Good restaurants have always pushed against the limitations of speed—how do you condense hours of ingredient sourcing, food prep, cook time, and plating into thirty minutes or less—but as fast casual becomes ever more popular and ever less “casual,” the odds are becoming ever less in the restaurant’s favor.

Grabbing a late-night chicken and rice is simple enough, but what happens when the notoriously whimsical and exceedingly precise chefs of Eleven Madison Park try the same thing, this time with slow-braised chicken thigh, fluffy basmati rice, marinated tomatoes, parmesan, and infused rosemary?

The result is Made Nice, a new—fast—food joint part of Chef Daniel Humm and Will Guidara’s Make It Nice food group, which includes the Michelin-starred Eleven Madison Park and the NoMad. Dishes all run between ten and fifteen dollars and are made out of the open-format kitchen in fifteen minutes or so.

“‘Made nice’ has been the core for us for a long time, so that’s nothing new for us,” says Made Nice’s executive chef, Danny DeStefano. “‘Made nice’ is something that we practically live in everything we do, but now we have a chance to show it to a lot of people.” It’s no mistake that Made Nice is named after the restaurant group. “Make it nice” is a common kitchen idea that, unsurprisingly, is about making every piece of every plate as enjoyable as possible—in other words, cooked properly, plated beautifully, and served promptly.


“[When we’re creating restaurants,] we don’t really try to follow a trend or pick up on something. It’s usually about where do we want to eat,” DeStefano explains. “Eleven Madison Park is the version of a fine-dining restaurant that we wanted to have. The NoMad was the restaurant that you go to for celebration, it’s a little bit more fun and alive. Made Nice was the place we wanted to go for lunch every day.”

Before launching Made Nice a month ago, DeStefano worked with Humm at Eleven Madison Park for more than eight years, both in the kitchen and as the restaurant’s food buyer. He’s been tasked with translating—and re-inventing—dishes like khao salad (an Asian-inspired steak salad with crispy rice, shaved broccoli, and a nuanced garnish of parmesan, fried shallots, and chilis) or curry cauliflower (a Mediterranean vegan stew of couscous, coconut, soft tofu, shaved almonds, and slow-roasted grapes) for Made Nice’s new dynamics.

With simple names (Chicken Rice, Pork ‘n’ Carrots, Greens & Grains), most dishes feel accessible but, in reality, draw from the fine-dining lineage of their executive chef and the Make It Nice group. “It comes down to one of those things, What do we want to eat every day?” DeStefano says. “We must have made twenty different versions of the chicken rice. We had a battle at Eleven Madison Park with our sous chefs for who could make the best chicken rice and you really got to see a variety of takes. You got the true Singapore poached chicken all the way down to more Spanish–style rice. At this point, we’re trying to make the best food we can. We’re not going to make an irrational decision that we’d lose on every day, but we want the food to be the best we can and we believe we can always tweak things and make it work.”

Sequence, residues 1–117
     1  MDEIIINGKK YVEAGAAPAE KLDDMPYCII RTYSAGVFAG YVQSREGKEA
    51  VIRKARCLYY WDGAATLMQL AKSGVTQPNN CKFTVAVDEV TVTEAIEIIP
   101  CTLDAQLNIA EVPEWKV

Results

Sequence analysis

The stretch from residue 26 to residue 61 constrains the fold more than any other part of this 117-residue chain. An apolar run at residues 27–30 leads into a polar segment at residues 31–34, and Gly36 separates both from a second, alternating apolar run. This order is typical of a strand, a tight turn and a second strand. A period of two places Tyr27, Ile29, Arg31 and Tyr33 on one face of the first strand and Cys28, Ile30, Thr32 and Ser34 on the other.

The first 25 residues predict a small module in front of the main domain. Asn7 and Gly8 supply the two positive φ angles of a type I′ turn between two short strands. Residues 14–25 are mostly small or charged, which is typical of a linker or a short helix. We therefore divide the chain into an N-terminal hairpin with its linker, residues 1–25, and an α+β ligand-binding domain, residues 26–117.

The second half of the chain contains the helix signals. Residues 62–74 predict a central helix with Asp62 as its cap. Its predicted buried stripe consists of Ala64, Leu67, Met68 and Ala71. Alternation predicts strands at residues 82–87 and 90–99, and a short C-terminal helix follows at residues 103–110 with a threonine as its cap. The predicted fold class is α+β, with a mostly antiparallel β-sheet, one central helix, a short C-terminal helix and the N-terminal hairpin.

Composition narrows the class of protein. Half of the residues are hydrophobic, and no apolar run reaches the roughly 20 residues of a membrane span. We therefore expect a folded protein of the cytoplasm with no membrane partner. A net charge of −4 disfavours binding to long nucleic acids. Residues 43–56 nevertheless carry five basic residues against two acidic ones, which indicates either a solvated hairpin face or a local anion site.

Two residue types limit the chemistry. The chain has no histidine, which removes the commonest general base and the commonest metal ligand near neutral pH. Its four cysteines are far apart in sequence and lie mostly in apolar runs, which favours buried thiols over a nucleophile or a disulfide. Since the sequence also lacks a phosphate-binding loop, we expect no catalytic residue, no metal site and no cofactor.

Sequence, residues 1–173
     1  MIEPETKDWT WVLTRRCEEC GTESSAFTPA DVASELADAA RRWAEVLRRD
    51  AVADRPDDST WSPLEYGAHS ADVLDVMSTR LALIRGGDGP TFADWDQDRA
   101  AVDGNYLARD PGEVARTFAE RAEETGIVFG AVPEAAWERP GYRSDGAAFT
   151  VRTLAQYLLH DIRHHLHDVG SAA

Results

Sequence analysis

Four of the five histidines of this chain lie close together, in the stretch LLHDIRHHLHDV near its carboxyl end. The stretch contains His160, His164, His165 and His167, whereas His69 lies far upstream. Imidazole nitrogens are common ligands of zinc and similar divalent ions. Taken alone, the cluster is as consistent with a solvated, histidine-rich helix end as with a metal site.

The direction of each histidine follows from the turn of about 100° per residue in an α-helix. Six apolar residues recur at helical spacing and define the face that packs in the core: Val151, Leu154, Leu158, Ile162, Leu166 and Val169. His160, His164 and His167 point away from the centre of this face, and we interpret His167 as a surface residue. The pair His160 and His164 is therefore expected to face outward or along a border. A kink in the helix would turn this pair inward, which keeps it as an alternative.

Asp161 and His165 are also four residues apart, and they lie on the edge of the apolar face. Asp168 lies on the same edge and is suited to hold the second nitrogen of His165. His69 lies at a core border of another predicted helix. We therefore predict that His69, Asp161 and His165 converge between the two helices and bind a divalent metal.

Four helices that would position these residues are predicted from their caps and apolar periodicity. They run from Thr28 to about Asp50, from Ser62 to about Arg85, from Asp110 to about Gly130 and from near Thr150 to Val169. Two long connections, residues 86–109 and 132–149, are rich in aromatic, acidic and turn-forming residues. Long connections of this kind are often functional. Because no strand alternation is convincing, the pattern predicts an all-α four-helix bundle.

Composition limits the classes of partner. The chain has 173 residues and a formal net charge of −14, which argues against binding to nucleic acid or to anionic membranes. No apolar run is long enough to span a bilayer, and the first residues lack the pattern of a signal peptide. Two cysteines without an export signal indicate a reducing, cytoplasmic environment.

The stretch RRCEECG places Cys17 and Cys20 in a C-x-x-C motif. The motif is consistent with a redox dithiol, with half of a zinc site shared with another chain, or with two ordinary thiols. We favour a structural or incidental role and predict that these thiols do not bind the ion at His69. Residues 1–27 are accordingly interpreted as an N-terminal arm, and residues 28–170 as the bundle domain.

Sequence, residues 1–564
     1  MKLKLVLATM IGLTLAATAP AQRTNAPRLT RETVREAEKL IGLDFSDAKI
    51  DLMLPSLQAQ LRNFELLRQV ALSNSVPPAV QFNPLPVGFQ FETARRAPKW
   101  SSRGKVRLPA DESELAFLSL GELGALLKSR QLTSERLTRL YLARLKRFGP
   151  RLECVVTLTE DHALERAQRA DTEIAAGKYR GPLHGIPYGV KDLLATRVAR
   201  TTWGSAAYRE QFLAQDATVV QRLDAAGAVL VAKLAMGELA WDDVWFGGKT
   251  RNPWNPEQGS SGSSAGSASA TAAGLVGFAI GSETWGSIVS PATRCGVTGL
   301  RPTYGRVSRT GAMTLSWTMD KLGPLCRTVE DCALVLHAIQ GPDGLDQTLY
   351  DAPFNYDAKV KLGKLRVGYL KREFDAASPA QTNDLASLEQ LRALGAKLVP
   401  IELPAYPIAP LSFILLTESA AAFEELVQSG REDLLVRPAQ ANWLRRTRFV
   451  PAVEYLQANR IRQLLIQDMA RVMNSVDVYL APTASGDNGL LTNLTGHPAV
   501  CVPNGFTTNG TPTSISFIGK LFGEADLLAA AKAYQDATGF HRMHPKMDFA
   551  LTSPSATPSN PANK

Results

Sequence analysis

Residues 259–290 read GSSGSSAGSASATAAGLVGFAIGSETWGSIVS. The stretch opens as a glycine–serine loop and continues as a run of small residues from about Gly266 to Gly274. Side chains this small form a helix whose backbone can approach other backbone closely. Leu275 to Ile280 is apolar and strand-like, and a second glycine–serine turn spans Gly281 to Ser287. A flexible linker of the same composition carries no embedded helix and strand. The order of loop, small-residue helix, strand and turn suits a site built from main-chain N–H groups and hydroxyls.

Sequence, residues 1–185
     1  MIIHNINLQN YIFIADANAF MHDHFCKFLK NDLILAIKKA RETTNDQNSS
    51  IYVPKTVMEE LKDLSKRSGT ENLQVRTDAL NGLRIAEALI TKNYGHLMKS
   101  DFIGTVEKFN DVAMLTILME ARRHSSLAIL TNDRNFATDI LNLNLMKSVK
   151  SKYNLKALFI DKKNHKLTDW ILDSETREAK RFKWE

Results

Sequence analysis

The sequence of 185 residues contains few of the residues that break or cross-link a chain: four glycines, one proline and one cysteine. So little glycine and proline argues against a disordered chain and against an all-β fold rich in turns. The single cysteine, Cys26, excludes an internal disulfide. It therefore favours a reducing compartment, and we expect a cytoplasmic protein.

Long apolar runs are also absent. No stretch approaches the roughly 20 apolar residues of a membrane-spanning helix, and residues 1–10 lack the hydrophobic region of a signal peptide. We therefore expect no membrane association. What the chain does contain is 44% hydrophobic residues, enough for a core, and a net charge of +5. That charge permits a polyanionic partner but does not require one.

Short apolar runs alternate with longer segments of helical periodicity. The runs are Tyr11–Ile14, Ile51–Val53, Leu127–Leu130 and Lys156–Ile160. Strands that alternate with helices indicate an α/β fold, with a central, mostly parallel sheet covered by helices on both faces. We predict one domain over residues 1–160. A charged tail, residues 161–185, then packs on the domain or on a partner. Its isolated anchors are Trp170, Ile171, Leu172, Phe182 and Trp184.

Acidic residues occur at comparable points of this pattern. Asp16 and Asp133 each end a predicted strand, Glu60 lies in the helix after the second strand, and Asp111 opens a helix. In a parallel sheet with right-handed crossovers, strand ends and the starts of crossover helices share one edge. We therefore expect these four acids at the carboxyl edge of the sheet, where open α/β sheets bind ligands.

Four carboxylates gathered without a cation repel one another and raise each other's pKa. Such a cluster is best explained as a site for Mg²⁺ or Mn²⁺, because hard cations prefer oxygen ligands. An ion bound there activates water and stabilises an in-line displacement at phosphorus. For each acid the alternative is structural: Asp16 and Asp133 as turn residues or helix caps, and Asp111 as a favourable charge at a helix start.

Humm and Guidara have made a business out of tweaking both dishes and expectations, and DeStefano has brought that ideology into Made Nice, sometimes bucking sane choices in the service of the food. The crispy rice on the khao salad is the most time-intensive component of any dish—on the most-ordered dish on the menu. And until they can figure out a brilliant way to cook fish en masse, the cod Provençal is being fired individually. “I’ve got one guy just cooking up steaks all day,” DeStefano says, “and we’re still cooking cod in the sauté pan. We’re just going to have to cook it more often.”

None of that happens without kitchen unity. Like all restaurants in the Make It Nice group, Made Nice’s kitchen calls out, “Oui, chef,” after an order is fired, even though the challenges are unlike at any other restaurant in the culinary family. “We have new challenges, like how do you hold sliced beef without it oxidizing and staying warm and not overcooking? From day one to where we are now, it’s gotten two hundred percent better, but those are the things that we’re really trying to adapt for this environment and figure out,” DeStefano says.

There are some crazier ideas in the restaurant’s back pocket, like a vertical rotisserie that the chefs have been playing with. (“Very rarely do we put walls or limitations upon ourselves,” DeStefano says. “We’re obviously not a shawarma shop, but if we were cooking celery root on a vertical rotisserie that wouldn’t be crazy.”) Right now, the task is to get better, to do better, and to make everything as nice as possible. “Yesterday, we were this close to doing a thousand covers, and if we do a thousand covers, that’s going to be a great day,” DeStefano says. “All those little things help for sure, but it’s a lot of work. No one that’s ever opened a restaurant before is going to tell you that it’s not a lot of work.”

For more information, please visit Made Nice is now open at 8 West 28th Street, New York.


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